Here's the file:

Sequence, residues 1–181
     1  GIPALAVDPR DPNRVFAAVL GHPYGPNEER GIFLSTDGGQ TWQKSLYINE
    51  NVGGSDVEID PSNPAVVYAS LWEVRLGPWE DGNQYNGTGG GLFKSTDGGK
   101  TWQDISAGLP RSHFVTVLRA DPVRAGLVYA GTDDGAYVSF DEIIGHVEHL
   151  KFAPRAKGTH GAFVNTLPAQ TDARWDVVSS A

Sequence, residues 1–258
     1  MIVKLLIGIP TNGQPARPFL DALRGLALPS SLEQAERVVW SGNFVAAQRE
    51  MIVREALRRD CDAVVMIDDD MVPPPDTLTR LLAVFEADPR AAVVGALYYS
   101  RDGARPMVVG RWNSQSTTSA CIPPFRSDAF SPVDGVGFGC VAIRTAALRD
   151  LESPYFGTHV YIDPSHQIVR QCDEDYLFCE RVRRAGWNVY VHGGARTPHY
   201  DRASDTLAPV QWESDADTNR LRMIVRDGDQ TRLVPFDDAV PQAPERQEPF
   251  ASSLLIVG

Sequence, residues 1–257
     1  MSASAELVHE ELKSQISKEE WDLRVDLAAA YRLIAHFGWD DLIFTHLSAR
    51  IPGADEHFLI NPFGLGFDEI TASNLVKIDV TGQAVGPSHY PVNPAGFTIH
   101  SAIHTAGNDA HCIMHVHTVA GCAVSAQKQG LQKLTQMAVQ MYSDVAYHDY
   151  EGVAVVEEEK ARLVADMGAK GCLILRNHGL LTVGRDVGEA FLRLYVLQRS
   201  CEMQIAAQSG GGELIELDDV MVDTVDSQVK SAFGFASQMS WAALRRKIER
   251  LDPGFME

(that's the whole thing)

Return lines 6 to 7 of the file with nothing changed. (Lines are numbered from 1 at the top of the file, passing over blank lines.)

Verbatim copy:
Sequence, residues 1–258
     1  MIVKLLIGIP TNGQPARPFL DALRGLALPS SLEQAERVVW SGNFVAAQRE